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So the 'men' thing is just about men being the generic leading characters' archetypes, besides if you check the list of AFI's male heroes, you'll notice that almost everyone is attractive, played by handsome and charismatic actors, have you noticed anyone who could have been played by Danny De Vito or Mickey Rooney? There's also a shortage of fat / short / bald / average looking guys in the heroes' list, proof that we're dealing again with ideals and archetypes.

But the features you mention here can equally be possessed by females. There are attractive and charismatic women in movies, but more often than being heroines they are there only for the looks, or they are femme fatales. I'm not saying we need a quota or that 'male fantasies' are a bad thing, but it's always interesting to see what is considered normal or ideal in movies, and why. In this case, producers, directors, and screenwriters are predominantly male, and by and large that must have an effect on how the sexes are represented on screen.

We men mostly imagine our ideal selves as strong, attractive, and suave heroes, and women as beautiful damsels who we can rescue (in a basic and shortened way, of course). That's all fine, but maybe there could be a female 'antithesis' to the male hero with own characteristics, while we're only getting sporadic examples because of how the industry works, and in turn this shapes our conception of what makes a hero.
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ElM.

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I think today's definition of a heroine is shallow and superficial, basically, it's a woman who can do whatever a man does and who doesn't need a man to do what she does.

And I think it's wrong because needing help isn't a sign of weakness and making the "male archetypes" the standards to reach is like indirectly admitting their superiority, which doesn't serve women's cause at all... not to mention, plain wrong.

Clarice Starling is ranked 6th heroine in AFI's Top 100, yes she was capable to do a man's job, investigating, confronting and killing a murderer, but if the movie was made today, they would have showed her capable to neutralize 3 men with one karate move and she wouldn't have been helped by Hannibal Lecter at all.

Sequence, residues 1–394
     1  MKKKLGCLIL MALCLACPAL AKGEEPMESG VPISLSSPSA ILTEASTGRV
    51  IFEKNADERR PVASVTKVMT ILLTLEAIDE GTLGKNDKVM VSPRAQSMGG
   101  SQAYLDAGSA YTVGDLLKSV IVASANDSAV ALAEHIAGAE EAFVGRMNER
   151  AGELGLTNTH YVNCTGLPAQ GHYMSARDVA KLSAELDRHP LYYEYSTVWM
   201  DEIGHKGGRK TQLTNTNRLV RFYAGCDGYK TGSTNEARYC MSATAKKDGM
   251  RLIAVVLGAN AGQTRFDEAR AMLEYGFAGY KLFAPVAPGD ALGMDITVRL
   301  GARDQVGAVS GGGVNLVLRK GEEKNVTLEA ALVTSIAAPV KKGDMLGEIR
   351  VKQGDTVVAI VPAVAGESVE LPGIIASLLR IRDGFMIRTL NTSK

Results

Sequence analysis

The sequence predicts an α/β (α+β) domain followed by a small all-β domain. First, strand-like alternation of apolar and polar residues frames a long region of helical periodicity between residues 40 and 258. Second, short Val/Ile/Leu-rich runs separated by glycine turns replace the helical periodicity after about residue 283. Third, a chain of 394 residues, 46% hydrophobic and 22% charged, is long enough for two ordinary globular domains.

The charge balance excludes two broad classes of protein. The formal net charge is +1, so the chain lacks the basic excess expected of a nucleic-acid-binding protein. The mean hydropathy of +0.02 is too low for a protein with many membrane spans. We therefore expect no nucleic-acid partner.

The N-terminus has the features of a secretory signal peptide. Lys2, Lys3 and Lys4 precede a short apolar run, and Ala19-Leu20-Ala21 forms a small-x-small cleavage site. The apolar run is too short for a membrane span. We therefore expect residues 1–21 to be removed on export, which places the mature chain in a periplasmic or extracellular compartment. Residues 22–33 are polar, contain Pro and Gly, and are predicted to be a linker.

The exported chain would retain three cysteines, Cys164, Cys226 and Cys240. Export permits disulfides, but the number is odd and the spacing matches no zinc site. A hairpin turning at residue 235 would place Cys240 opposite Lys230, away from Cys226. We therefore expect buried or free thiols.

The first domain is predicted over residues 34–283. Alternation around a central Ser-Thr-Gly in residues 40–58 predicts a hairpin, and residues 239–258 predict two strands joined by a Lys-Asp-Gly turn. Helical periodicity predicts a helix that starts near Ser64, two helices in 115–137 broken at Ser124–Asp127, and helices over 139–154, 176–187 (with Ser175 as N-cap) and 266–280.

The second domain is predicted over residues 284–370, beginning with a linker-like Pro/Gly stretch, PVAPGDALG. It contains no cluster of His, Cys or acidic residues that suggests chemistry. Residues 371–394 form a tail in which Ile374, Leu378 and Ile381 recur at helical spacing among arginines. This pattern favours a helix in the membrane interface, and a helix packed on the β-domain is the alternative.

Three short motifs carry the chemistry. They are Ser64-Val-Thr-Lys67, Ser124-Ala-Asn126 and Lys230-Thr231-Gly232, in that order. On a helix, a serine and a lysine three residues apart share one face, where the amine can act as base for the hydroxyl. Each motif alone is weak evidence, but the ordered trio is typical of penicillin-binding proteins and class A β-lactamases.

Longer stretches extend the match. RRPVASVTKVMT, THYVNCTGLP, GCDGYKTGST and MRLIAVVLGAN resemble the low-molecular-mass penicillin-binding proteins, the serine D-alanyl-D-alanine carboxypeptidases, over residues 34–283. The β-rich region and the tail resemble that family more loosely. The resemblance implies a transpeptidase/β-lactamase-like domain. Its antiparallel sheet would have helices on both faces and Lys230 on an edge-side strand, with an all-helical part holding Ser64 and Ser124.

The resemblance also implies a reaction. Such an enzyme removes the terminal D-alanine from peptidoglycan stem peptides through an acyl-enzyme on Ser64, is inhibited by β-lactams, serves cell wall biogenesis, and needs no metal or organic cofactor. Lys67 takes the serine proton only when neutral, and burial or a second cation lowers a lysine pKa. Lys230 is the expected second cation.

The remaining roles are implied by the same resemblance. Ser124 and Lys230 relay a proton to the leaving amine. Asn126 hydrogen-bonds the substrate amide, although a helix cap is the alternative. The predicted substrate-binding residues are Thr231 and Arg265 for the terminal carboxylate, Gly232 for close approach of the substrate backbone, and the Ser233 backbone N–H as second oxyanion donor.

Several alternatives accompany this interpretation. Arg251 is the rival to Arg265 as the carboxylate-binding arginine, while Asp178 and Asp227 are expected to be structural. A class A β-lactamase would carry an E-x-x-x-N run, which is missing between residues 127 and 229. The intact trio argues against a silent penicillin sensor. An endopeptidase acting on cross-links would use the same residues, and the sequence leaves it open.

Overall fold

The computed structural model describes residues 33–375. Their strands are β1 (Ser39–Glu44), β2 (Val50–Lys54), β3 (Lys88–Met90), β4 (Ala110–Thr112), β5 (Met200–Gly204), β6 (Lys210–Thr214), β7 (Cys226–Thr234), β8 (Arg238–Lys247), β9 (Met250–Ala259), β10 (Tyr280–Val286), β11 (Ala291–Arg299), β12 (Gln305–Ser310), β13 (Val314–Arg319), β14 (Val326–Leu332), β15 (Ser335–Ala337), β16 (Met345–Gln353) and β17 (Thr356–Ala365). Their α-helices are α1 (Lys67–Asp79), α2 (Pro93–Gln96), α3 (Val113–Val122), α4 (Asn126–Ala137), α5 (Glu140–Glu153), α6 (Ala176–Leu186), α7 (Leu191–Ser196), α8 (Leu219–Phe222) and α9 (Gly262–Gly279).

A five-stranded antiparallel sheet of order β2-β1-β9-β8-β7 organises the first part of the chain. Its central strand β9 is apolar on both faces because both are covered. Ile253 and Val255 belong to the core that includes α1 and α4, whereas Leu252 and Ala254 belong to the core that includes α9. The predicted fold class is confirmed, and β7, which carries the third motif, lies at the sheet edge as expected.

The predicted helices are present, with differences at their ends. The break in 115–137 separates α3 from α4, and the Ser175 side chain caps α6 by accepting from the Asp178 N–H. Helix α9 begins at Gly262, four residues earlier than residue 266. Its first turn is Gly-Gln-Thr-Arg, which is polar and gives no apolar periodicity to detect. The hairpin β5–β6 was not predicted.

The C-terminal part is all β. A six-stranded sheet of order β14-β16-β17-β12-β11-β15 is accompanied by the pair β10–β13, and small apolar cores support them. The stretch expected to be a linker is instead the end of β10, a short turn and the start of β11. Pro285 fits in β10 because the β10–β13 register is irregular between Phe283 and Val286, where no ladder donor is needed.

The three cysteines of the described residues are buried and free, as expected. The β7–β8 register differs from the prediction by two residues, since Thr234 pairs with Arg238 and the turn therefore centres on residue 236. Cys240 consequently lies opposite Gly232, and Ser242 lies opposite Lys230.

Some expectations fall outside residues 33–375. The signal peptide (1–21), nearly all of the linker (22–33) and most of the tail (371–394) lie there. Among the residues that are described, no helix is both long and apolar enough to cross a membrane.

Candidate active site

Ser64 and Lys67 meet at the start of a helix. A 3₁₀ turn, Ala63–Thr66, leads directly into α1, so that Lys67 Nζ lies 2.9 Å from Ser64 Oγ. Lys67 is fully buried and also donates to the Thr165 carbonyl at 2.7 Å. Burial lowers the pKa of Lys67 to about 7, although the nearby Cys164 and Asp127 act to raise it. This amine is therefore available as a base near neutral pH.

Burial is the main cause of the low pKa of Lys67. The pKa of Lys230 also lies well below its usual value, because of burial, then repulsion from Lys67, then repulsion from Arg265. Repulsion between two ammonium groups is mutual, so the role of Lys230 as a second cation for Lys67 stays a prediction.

But I love the way she was portrayed, at first you see a motivated but frail petite woman towered by hunky guys on the elevator and at the end, she's the one who gets the killer, that's more impressive than just being a badass from the start.

Same with Sarah Connor or Ellen Ripley, they weren't super heroines from the start either, especially Sarah Connor in the first Terminator, yet she ends up defeating him.

Compare that to Rey who tells Han Solo "I can handle myself" when he's only giving her a weapon and the veteran warrior says something like "I know" instead of putting her in her place, Rey's attitude would have been cringy even from a guy.

A heroine should be capable to accomplish anything but in a way that would make a female audience relate to her, girls would relate to Karen Silkwood, Norma Rae, Scarlett O'Hara, Erin Brokovich, Amelie Poulain or Marion Cotillard in Rust and Bone or Two Days, One Night.

But now, the real deal is the female warrior. As if the world wasn't rotten enough with too much fighting and killing, we have to tell girls that they should be just as violent and enjoying the use of weapons as guys. 
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I think today's definition of a heroine is shallow and superficial, basically, it's a woman who can do whatever a man does and who doesn't need a man to do what she does.

Exactly, that's why I wonder if there is a genuine heroine archetype with its own positive characteristics. Maybe there is something like that already and I don't see the pattern.

But now, the real deal is the female warrior. As if the world wasn't rotten enough with too much fighting and killing, we have to tell girls that they should be just as violent and enjoying the use of weapons as guys.

Yeah, something similar happens with female politicians who are conservative and anti-feminist. The personal success story is more important than the actual impact of their actions. The more they are cold, cruel, or powerhungry, the better they seem to serve as a symbol for strong women - simply because it means they can be as cold, cruel, or powerhungry, as men.